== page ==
I will never forget the first time I blow-dried my hair. Never ever. I remember thinking that all of my problems were solved. Life had finally changed. No, no, no…This was too much fabulousness for one kid to stomach.
Had I found a crown on the floor, I would have worn it to Homeroom at school. It all started because I had a birthday party and all the girls were into blow-drying their hair, so I did it for the first time in hot as hell Managua, Nicaragua. To my mother’s surprise, it lasted more than two days. You have no idea how many shampoos and conditioners I had gone through after seeing commercials of straight-haired models. WHY HADN’T THEY EXPLAINED THAT YOU HAVE TO BLOW-DRY IT? As I’ve mentioned before, my curly/frizzy hair is not one of my best qualities. Anyway, I think the birthday party was on a Friday. On Sunday, we went to the lake and as I took my first step into the water… I knew… that if I moved any closer, it would be over. If I go in there, it’s over. My new hair is gone.
I’m not going to lie, I stood there for about 10 minutes while my entire family urged me to get in the water, but what can I say, I was about 12-years old and I had seen the light. Mama didn’t raise no fool, so I backed up quietly and sat myself back down. I did not go in the water. Yea, you heard me, I stayed with my already semi-frizzy hair on the sand watching everyone else have fun. It was one of the hottest days of my existence and my family was having a blast, but the fear of things going back to how they used to be terrified me. I had seen an improvement and I wasn’t ready to give it up. Give me a break, I was 12.
So, things got complicated when I got home and realized that I had to take a shower. I wish I could say that I behaved like a rational human being, but I did not. I was a tear away from asking my mother to wizard my hair straight. I don’t know if it was out of the sheer desperation that I felt or if I was borderline delusional from the sun, but I thought she could fix it. She could not and did not as some of you know. It’s possible that this was the first of a series of events that contributed to the Drama Queen award that was presented to me in college:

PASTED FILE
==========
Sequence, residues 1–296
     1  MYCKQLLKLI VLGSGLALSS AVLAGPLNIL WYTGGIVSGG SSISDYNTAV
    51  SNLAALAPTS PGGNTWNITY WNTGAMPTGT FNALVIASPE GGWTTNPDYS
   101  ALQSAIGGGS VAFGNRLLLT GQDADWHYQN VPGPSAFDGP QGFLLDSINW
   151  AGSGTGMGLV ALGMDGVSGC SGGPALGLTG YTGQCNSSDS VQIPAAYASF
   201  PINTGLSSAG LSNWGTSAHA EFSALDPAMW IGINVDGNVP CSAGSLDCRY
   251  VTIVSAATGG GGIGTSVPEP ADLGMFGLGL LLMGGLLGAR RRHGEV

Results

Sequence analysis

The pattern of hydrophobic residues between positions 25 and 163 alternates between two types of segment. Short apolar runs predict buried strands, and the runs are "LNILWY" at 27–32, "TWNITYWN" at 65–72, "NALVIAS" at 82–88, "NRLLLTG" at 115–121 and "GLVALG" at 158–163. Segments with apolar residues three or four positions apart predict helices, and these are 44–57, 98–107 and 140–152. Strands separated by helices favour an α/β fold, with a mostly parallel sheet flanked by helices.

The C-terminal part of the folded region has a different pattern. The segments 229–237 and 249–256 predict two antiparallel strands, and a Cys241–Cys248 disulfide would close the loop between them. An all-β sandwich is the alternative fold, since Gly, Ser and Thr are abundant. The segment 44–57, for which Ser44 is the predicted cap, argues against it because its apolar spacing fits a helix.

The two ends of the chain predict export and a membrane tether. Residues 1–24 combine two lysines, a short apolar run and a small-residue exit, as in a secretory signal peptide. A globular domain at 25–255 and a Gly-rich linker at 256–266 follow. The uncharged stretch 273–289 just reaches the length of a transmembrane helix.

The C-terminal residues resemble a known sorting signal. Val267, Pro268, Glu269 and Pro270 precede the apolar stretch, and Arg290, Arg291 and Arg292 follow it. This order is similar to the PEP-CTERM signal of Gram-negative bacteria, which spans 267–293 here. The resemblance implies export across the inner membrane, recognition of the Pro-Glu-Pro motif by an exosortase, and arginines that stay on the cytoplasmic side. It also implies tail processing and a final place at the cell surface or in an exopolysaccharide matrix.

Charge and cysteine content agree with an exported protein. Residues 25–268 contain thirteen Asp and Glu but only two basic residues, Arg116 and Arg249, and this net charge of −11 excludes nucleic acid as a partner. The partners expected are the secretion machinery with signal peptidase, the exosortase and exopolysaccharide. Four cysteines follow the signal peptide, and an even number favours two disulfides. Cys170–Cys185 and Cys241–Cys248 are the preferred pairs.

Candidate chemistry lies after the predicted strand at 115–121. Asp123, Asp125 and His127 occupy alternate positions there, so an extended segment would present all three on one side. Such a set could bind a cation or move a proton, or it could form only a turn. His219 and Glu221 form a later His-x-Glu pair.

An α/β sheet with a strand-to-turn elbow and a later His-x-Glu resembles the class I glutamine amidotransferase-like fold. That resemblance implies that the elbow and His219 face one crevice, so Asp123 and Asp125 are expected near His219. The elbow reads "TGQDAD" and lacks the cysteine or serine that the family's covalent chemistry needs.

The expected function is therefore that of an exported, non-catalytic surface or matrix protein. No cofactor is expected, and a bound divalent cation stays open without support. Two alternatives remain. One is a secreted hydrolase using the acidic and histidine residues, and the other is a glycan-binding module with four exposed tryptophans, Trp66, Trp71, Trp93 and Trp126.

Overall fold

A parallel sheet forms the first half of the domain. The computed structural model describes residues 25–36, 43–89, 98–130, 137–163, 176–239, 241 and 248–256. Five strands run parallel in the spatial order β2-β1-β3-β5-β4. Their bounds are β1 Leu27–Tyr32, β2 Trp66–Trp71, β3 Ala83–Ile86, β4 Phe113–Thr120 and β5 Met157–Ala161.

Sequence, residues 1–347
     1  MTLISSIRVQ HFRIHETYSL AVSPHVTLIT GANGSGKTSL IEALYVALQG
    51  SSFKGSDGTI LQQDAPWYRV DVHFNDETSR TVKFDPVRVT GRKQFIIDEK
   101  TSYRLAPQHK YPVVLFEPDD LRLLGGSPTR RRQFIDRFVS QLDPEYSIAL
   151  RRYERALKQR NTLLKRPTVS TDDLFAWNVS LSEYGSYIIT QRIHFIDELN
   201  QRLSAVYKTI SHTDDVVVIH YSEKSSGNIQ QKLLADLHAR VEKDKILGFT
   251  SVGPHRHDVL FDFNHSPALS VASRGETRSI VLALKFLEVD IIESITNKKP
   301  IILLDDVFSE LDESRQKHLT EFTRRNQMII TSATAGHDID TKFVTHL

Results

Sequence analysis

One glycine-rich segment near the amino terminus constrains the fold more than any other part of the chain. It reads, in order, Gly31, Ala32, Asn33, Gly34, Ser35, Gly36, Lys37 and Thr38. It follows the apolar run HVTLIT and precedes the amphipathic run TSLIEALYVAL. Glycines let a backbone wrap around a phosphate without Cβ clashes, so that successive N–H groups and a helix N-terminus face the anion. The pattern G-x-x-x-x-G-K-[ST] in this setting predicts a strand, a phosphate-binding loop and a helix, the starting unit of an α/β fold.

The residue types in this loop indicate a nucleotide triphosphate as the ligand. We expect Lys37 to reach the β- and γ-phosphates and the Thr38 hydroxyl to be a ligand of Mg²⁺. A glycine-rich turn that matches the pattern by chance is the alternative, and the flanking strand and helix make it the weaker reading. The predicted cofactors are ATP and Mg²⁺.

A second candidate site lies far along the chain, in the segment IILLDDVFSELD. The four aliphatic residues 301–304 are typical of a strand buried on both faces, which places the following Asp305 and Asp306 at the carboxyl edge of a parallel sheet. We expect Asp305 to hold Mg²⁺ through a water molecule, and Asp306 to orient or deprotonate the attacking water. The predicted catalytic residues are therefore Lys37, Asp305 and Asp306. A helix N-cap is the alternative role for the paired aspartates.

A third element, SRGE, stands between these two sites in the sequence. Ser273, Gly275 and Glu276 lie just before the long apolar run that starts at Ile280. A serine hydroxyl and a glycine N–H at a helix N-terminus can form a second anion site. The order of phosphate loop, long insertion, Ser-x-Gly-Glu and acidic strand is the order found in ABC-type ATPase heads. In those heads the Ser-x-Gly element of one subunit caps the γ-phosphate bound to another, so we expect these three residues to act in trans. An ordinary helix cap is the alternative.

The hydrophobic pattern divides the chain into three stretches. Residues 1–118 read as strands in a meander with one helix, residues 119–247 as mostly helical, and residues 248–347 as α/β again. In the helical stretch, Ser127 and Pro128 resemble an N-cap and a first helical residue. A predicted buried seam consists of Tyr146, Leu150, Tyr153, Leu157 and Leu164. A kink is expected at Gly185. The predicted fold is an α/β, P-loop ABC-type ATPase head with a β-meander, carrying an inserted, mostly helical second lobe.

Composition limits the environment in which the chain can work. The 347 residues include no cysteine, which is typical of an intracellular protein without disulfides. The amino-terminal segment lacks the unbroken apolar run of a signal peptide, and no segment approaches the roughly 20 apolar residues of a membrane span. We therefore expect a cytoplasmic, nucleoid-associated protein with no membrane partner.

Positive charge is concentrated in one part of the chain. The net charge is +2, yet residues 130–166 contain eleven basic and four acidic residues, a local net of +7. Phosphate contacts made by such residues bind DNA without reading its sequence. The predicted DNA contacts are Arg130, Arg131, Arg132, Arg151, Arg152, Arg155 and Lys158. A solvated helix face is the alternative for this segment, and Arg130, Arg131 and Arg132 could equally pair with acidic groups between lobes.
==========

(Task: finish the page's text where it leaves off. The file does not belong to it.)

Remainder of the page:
Despite my antics, my mother made me shower and so, I washed the happiness out of my hair once and for all. It was the first broken heart that I ever had, but by the time I got up for school the next day, I had forgotten (kinda). That is not true actually—I remember staring at my curls and thinking, “oh whatever.”
There are certain things you can work on. I mean, hell, I even get compliments (I swear this has happened more than once) on my hair now. Go figure! It’s not always about the obvious complaint because in the end there is a way to fix it. It’s about something deeper.
The next time you start to jump into an emotional tantrum about something, remember that frizzy-haired girl refusing to run into the water. The hair didn’t do sh*t for me that afternoon. At best, I was walking around with 1/2 afro already anyway, my mother was practically pushing me into the water, but you know what, I fixated. It meant something to me, but in the end, it was never about the hair. Like most 12-year old girls, I was insecure and I fixated on certain points to get through it all. If only my hair or my braces, or…whatever. Now it’s, if only my size, or my boss, or this guy/girl, or this piece—ya! Shut up already! It’s not that!
The next time you feel that frustration, that fixation… go deeper. Cut out the bullsh*t. I focused on the hair because how I was supposed to admit to myself at the age of 12 that I had a bunch of insecurities about myself? We fixate because we’re scared to accept the root of it, but it’s time, my friends. It’s time. I was too young to know better, but you’re not. I’m not. We’re not.
GET IN THE WATER THIS TIME.